In his recent Apostolic Exhortation Evangelii Gaudium – The Joy of the Gospel Pope Francis urges us in this way: Faced with disconcerting episodes of violent fundamentalism, our respect for true followers of Islam should lead us to avoid hateful generalisations, for authentic Islam and the proper reading of the Koran are opposed to every form of violence.
The Holy Father encourages us to enter into dialogue with our Muslim neighbour: Our relationship with the followers of Islam has taken on great importance, since they are now significantly present in many traditionally Christian countries, where they can freely worship and become fully a part of society. We must never forget that they “profess to hold the faith of Abraham, and together with us they adore the one, merciful God, who will judge humanity on the last day”.
It is admirable to see how Muslims both young and old, men and women, make time for daily prayer and faithfully take part in religious services. Many of them also have a deep conviction that their life, in its entirety, is from God and for God. They also acknowledge the need to respond to God with an ethical commitment and with mercy towards those most in need.
Some of us may well have neighbours or work colleagues who are Muslims and wherever possible we should let our contacts with them be enriched by those insights of Pope Francis.
The Men’s Mass is a very welcome Birmingham tradition and it has adapted according to needs of each generation. For many years fathers and grandfathers have been coming with their sons and grandsons to celebrate the Easter Monday Mass and to witness to their faith together in the heart of our city. Today I thank you for honouring that tradition and for beginning this bank Holiday by strengthening one another in your Easter faith. I am pleased that once again this year my own father has been able to join me for this Mass.
When the Men’s Mass began in 1919 it must have been a very poignant occasion. Easter Monday was barely six months since the Armistice of November 1918 which had brought the First World War to an end. How many fathers must have been present in this Cathedral whose sons had perished in the war, how many gaps there must have been in the ranks of families represented on that occasion and in many successive years?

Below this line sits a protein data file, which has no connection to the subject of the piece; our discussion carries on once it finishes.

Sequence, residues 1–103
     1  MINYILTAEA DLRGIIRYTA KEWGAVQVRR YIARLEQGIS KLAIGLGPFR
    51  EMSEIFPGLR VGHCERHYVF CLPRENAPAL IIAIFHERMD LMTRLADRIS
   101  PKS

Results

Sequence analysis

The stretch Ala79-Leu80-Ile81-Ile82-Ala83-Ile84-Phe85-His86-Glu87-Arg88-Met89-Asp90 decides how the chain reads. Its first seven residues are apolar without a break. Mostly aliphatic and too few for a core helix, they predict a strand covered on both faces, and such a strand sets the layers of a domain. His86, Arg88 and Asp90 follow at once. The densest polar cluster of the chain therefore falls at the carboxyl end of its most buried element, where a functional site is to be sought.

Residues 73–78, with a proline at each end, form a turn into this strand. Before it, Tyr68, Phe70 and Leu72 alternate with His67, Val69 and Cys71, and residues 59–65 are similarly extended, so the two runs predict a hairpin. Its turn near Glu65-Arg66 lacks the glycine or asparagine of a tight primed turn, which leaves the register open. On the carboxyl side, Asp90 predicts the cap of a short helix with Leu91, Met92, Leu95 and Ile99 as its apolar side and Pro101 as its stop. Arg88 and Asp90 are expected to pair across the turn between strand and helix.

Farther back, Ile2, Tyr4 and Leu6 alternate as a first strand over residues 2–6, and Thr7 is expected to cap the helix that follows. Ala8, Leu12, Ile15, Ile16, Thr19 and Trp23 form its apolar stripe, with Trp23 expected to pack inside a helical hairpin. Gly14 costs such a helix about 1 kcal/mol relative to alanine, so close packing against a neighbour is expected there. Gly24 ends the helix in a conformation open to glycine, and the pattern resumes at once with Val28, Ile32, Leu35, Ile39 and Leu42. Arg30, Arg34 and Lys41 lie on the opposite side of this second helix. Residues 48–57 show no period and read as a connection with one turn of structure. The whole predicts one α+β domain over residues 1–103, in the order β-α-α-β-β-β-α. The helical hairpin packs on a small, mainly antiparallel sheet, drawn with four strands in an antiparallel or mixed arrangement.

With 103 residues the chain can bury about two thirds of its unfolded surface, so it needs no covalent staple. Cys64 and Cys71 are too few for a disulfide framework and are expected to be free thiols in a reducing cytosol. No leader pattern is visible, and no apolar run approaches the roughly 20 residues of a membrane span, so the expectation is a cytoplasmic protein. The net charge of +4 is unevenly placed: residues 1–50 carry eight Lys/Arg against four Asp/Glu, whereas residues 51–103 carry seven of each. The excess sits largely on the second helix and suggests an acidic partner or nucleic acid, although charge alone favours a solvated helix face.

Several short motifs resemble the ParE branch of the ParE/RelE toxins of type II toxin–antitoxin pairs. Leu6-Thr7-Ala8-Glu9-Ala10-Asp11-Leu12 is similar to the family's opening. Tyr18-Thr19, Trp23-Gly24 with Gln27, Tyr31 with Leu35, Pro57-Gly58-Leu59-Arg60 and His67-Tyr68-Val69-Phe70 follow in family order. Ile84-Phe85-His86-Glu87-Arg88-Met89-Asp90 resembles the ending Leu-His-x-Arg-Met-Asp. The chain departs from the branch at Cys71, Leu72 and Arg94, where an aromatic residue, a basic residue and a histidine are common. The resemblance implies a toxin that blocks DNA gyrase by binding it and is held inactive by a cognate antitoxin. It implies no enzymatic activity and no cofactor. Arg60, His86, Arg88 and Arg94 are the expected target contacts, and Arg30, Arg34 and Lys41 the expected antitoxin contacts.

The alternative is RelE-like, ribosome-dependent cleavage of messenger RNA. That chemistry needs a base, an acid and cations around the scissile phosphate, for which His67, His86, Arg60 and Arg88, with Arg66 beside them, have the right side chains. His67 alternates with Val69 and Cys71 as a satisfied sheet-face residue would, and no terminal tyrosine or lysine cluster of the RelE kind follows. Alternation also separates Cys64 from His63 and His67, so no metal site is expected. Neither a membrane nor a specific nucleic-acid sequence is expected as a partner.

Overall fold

In August this year we shall mark the centenary of the outbreak of the First World War, evoking memories that are still alive in many of our families. Today we remember the families of military personnel who have lost their loved ones in contemporary conflicts in Iraq, Afghanistan and other troubled parts of the world – especially families where fathers and sons can no longer be together. Before you leave the cathedral today you might offer a prayer near the Cathedral’s War Memorial for families broken and divided by warfare and conflict throughout the world.
Today’s reading from the Acts of the Apostles shows us the new courage that helped St Peter to proclaim his faith in front of others. Peter stood up with the Eleven and addressed the crowd. St Peter’s witness was not only to the crowd – he was also setting an example to his brothers. The handing-on of our faith is vital and there is an important message that you are proclaiming today. In the midst of all the things that unite fathers and sons – our common interests and the activities that give us a chance to spend some time together – nothing is more important than our shared faith in the risen Lord. As family members you are witnessing your faith to one another.
Today I thank you who are fathers and grandfathers for this public demonstration of your faith in the risen Lord and for sharing that faith within your families. I also thank you who are sons and grandsons for the love and respect that you show but above all for supporting and encouraging your fathers and grandfathers in their faith.
May you and all the members of your families be blessed this Easter season as the risen Christ continues to renew our faith and our confidence in Him.